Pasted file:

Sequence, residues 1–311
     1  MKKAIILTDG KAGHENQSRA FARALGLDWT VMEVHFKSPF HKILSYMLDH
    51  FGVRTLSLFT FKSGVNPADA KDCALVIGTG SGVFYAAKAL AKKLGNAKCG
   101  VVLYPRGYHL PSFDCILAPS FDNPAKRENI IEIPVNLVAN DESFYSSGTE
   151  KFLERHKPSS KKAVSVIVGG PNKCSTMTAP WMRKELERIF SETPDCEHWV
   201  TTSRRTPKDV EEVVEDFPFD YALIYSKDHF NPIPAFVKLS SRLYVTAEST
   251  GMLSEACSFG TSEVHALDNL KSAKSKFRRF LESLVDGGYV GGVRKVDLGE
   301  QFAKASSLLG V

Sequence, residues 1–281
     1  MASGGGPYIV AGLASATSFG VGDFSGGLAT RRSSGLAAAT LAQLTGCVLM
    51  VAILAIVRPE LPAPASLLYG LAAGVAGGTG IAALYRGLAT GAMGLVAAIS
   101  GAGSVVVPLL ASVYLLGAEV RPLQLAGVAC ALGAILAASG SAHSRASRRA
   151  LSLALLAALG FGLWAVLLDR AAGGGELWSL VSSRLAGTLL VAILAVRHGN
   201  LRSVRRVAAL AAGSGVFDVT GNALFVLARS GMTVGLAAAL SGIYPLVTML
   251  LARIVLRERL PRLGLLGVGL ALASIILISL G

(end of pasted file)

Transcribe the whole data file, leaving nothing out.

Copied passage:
Sequence, residues 1–311
     1  MKKAIILTDG KAGHENQSRA FARALGLDWT VMEVHFKSPF HKILSYMLDH
    51  FGVRTLSLFT FKSGVNPADA KDCALVIGTG SGVFYAAKAL AKKLGNAKCG
   101  VVLYPRGYHL PSFDCILAPS FDNPAKRENI IEIPVNLVAN DESFYSSGTE
   151  KFLERHKPSS KKAVSVIVGG PNKCSTMTAP WMRKELERIF SETPDCEHWV
   201  TTSRRTPKDV EEVVEDFPFD YALIYSKDHF NPIPAFVKLS SRLYVTAEST
   251  GMLSEACSFG TSEVHALDNL KSAKSKFRRF LESLVDGGYV GGVRKVDLGE
   301  QFAKASSLLG V

Sequence, residues 1–281
     1  MASGGGPYIV AGLASATSFG VGDFSGGLAT RRSSGLAAAT LAQLTGCVLM
    51  VAILAIVRPE LPAPASLLYG LAAGVAGGTG IAALYRGLAT GAMGLVAAIS
   101  GAGSVVVPLL ASVYLLGAEV RPLQLAGVAC ALGAILAASG SAHSRASRRA
   151  LSLALLAALG FGLWAVLLDR AAGGGELWSL VSSRLAGTLL VAILAVRHGN
   201  LRSVRRVAAL AAGSGVFDVT GNALFVLARS GMTVGLAAAL SGIYPLVTML
   251  LARIVLRERL PRLGLLGVGL ALASIILISL G